Last Thursday afternoon, even as athletes were assembling in Moscow for the XXII Olympics, Guido Kratschmer of West Germany, the world-record holder in the decathlon, found himself on an intramural field a half mile from Franklin Field in Philadelphia, competing in a meet the White House had once grandly billed as the "alternative Olympics." Behind him, on Interstate 76, hummed four lanes of traffic; in front, beyond the browning grass of the discus area, was a web of power lines leading from a barely visible substation. Watching in the 96� heat were perhaps 100 people. Hardly inspired by the setting, Kratschmer fouled on all three of his discus attempts, shrugged and withdrew from the competition, formally known as the Liberty Bell Track and Field Classic.
Though not all of the more than 300 athletes who showed up were as dismayed as Kratschmer by the low caliber of competition and the uninspiring setting of the two-day, 26-nation meet, none spoke of it as a historic event. "An alternative?" said 1,500 winner Steve Scott of the U.S. "This wasn't even a good international meet." Even Jimmy Carnes, who as coach of the Olympic men's track and field team and president of The Athletics Congress had helped set up the meet, said, "We can't call this the alternative Games. There's no alternative."
Still, the Liberty Bell Classic was, in terms of the number of foreign competitors, the largest international track meet held in the U.S. since the 1932 Olympics, and it was highlighted not only by an American record in the women's 1,500 but also by half a dozen outstanding races with less impressive times. Though many of the competitors were unknowns from countries like Togo and Gambia, to the 20,111 spectators who watched Americans win 18 of 25 events on the final evening, the lack of an Olympics, for the moment, clearly meant less than the presence of U.S. Olympians.
For 18 Chinese athletes it was a rare chance for first-rate international competition. They were often outmatched, but did win five events—triple jump, javelin, and women's high jump, shot and discus—and set two Asian records.
Merely organizing the meet was quite an achievement. The process had begun back in January when White House and State Department officials, anxious to persuade prospective Olympians to go along with the boycott, talked of a substitute competition, separate from the Games but of comparable quality. In the ensuing months the difficulties inherent in setting up such a meet in track and field became apparent: the International Amateur Athletic Federation ruled that no meet could be held during the Olympics; major nations—athletically as well as politically—were slow to join with the U.S. in either the boycott or an alternate competition; money and sites weren't readily available.
Finally last month, after Congress appropriated $10 million for summer competitions in a number of Olympic sports, The Athletics Congress selected Philadelphia over three other cities as the track meet site, requested a share of the $10 million and frantically set to the task of bringing in top athletes from as many nations as possible. The Liberty Bell Classic would start, however, only one day after a big meet in Oslo concluded and would coincide with another in Paris, and many athletes, including a number of Americans, would decide to travel to their homes—not Philadelphia—to begin the three-week Olympic break.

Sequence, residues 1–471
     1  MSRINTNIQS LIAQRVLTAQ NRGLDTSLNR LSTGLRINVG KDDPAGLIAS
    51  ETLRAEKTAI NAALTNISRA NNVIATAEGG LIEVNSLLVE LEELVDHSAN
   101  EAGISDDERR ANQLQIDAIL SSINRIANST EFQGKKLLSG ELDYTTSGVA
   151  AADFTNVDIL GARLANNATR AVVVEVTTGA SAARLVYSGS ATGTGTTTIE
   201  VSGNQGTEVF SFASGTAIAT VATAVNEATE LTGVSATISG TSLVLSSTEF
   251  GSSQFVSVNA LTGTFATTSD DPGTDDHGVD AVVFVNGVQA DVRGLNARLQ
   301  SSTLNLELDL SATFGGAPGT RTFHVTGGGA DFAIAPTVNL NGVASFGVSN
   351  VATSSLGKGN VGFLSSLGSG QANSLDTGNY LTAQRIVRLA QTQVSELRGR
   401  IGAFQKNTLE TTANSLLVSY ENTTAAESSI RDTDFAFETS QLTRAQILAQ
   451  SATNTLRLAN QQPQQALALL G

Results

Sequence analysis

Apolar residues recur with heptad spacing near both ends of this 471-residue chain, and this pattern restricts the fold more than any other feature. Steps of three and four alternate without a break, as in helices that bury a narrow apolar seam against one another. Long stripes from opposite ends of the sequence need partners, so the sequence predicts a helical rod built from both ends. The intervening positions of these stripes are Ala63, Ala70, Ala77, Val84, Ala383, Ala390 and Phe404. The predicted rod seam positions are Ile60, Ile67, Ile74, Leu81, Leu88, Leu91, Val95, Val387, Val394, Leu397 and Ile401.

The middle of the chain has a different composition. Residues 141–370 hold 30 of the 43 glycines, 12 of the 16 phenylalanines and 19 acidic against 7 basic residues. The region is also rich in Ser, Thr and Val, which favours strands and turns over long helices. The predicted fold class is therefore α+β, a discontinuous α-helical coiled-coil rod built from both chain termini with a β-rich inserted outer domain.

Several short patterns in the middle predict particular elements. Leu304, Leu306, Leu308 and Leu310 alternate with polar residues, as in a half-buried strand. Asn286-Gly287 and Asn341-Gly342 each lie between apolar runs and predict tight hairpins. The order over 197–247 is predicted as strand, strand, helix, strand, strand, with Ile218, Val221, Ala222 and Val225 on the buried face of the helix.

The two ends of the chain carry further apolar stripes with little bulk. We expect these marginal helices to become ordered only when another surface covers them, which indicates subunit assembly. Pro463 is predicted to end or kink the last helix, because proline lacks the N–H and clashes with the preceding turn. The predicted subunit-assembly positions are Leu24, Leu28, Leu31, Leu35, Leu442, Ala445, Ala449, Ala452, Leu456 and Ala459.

Not entered or soon to withdraw were 17 of the 34 U.S. Olympic Trials winners, among them hurdler Edwin Moses, sprinters Stanley Floyd and Alice Brown, long jumper-pentathlete Jodi Anderson and discus thrower Mac Wilkins. The Trials' two 1,500 winners, Steve Scott and Mary Decker, had run in Tuesday night's Oslo meet and seemed unlikely to be at full strength. Former world-record miler John Walker of New Zealand and Henry Rono of Kenya, who holds four world records from 3,000 to 10,000 meters, listed as entries, would soon pull out. And athletes in the throwing events were staying away en masse rather than compete in isolation on a University of Pennsylvania intramural field five minutes from the stadium.
Yet from the start of competition at noon Wednesday, the Liberty Bell meet established itself not as a total failure but rather as, well, an alternative. But to what? Through five events of the decathlon the leader was neither Kratschmer nor U.S. Trials champ Coffman; it was an accountant from North Carolina named Lee Palles, who wore a T shirt during the second day of competition that said I'D RATHER BE MARLIN FISHING. Two American pentathletes, Linda Waltman and Marlene Harmon, finished with enough points to at last make the Olympic team, having fallen short of the qualifying standard at the Trials. Then Wednesday night the weather took an abrupt turn. After a sultry, hazy afternoon, great masses of thunderclouds passed over the stadium and the ensuing rain and gales dropped the temperature by 20 degrees.
More hot weather and a report that hurdler Renaldo Nehemiah, too, would not compete sapped the spirit of the meet the following afternoon. Only three men showed up at 2 p.m. to put the shot, and the decathlon field shrank through attrition from nine to five. At a brief ceremony opening the evening competition the crowd was listless.
But then there was Nehemiah after all, warming up along the track's north straightaway. He had been 75 miles away at his home in Scotch Plains, N.J. with no plans of skipping the meet. "I live so close I saw no reason to come until now," said Nehemiah. "But today my mother called me and said, 'You'd better phone someone down there because I just read that you scratched.' " Nehemiah looked as good as ever in winning his race in 13.31, just .31 off his world record.